“Of course not,” replied the scientist. “But I understand it’s lucky whether you believe in it or not.”

    Thanks again,

  11. ARMANDO BALTRA January 19, 2018 at 5:22 pm - Reply

    I join all the other members in congratulating Simon and Linda for such a wonderful show.
    Just wanted to focus on a couple of the many many great ideas presented here.

    Simon said that we amateur guitar players tend to wait for opportunities to play arise, as opposed to creating them for ourselves. That touched a nerve in me for it’s true: I have rarely created those opportunities. Normally I have simply waited for somebody to ask me if I would like to play at a small gathering. As a result, I almost never play for anybody! Not very good. Obviously I should push myself and invent home recitals!

    So! Let this be my resolution for 2018: I’ll somehow create at least three opportunities to give a small home recital somewhere!

    Great Podcast Linda and Simon


  12. Lissa January 21, 2018 at 9:47 pm - Reply

    Thank you Simon and Linda for a wonderfully informative interview. As noted, so many pertinent insights. The vitality and passion of bringing classical guitar to friends (and future friends) shows through.
    It’s difficult for a beginner to know when to wait, and develop the skills, before trying to play a more challenging piece.
    I love the forum and congratulate you both.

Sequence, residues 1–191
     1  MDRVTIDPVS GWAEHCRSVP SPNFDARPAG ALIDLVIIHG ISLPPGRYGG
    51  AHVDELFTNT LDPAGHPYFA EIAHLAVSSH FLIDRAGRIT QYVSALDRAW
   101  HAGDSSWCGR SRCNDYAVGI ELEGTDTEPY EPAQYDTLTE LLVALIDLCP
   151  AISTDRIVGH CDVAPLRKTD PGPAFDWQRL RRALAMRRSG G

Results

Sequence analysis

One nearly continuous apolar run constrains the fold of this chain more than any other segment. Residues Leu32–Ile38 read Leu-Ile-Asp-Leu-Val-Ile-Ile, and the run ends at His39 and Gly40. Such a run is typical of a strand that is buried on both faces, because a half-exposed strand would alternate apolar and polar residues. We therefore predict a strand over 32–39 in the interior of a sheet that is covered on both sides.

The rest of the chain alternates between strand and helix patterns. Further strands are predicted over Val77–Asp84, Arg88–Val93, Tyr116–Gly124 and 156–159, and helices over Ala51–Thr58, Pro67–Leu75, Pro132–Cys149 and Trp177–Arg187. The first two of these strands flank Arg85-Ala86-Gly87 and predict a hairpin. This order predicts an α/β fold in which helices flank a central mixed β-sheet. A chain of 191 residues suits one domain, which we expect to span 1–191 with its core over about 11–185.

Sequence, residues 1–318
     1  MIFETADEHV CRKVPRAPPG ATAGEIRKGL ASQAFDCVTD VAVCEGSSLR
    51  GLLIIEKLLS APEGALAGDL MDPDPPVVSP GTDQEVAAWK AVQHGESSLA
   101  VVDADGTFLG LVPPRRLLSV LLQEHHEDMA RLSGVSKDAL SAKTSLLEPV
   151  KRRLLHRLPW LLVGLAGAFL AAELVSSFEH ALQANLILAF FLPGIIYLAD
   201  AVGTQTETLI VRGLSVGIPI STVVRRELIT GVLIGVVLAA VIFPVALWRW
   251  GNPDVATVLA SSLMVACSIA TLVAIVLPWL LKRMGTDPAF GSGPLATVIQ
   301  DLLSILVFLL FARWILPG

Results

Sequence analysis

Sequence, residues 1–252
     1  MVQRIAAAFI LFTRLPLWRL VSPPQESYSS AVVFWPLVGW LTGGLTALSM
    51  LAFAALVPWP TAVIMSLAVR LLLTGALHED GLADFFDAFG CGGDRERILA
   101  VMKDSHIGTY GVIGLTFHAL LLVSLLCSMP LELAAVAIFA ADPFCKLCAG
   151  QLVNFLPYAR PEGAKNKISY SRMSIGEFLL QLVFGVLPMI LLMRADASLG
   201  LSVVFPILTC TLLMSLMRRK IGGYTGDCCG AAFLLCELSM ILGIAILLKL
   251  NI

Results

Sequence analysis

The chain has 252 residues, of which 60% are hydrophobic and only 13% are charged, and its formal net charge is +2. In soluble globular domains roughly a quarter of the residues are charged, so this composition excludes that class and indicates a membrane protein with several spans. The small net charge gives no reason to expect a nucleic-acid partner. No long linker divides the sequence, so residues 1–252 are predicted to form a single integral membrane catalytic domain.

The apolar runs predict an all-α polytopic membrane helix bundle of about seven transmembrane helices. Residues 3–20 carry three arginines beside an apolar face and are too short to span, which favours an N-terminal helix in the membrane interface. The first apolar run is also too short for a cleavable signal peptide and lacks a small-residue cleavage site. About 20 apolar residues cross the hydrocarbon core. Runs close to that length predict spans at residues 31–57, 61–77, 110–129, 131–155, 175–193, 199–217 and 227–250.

I’m happy to see you Linda on the site in another role. You’re an inspiring guitarist.

  13. Gino January 26, 2018 at 1:27 pm - Reply

    Thanks Simon and Linda! I really enjoyed your conversation and the tips you shared. A suggestion for this new format would be to give a little more time for short questions to the guest so that the audience get to know a little more the person and what is his/her “musical universe”. What does look like the person’s musical approach to practice, what does she listens to, what has been his/her best concert, her favorite piece… Some things like that. I would personally enjoy a little more of this, and then the Q and A. It could be interesting. Just a suggestion.

  14. Mark Campbell January 26, 2018 at 11:55 pm - Reply

    “Bananas, Dark Chocolate and Water”. Isn’t that the name of a popular movie?? Wonderful and very helpful podcast. Thank you both! I look forward to more of these!

  15. Bonnie Stenstrom February 13, 2018 at 9:10 pm - Reply

    Kudos to you Linda and Simon! It was an interesting and informative discussion of fingering, creating opportunities to perform, a performance routine and the challenges of performing your one piece after being on the receiving end of performances by other dedicated amateur adult musicians. I’ve found at times that the performance that I’ve just heard onstage with say, for example, a grand piano, will leave me in a state whereby I can’t even hum my piece, the melody has completely left my head and now I’m the next performer. It’s a challenge that’s been somewhat mediated by doing as you’ve suggested … performing the piece in as many situations as possible. Listening to your collective thoughts makes me realize, we’re all in the same boat, our levels may be different but the challenges are similar. It’s comforting! Thank you!
    Bonnie S.

  16. Lynda April 20, 2018 at 5:14 pm - Reply

    Really interesting discussion, Linda and Simon and I liked the general format of the interview. Some of the points raised were very pertinent for me, particularly the issues of ‘alternative’ fingering and coping with pre-performing terrors! I enjoyed the podcast very much.

    • Dave Belcher April 22, 2018 at 8:48 am - Reply

      Glad to hear you enjoyed it, Lynda. Thanks for the comment!


      Dave B (CGC team)

Leave A Comment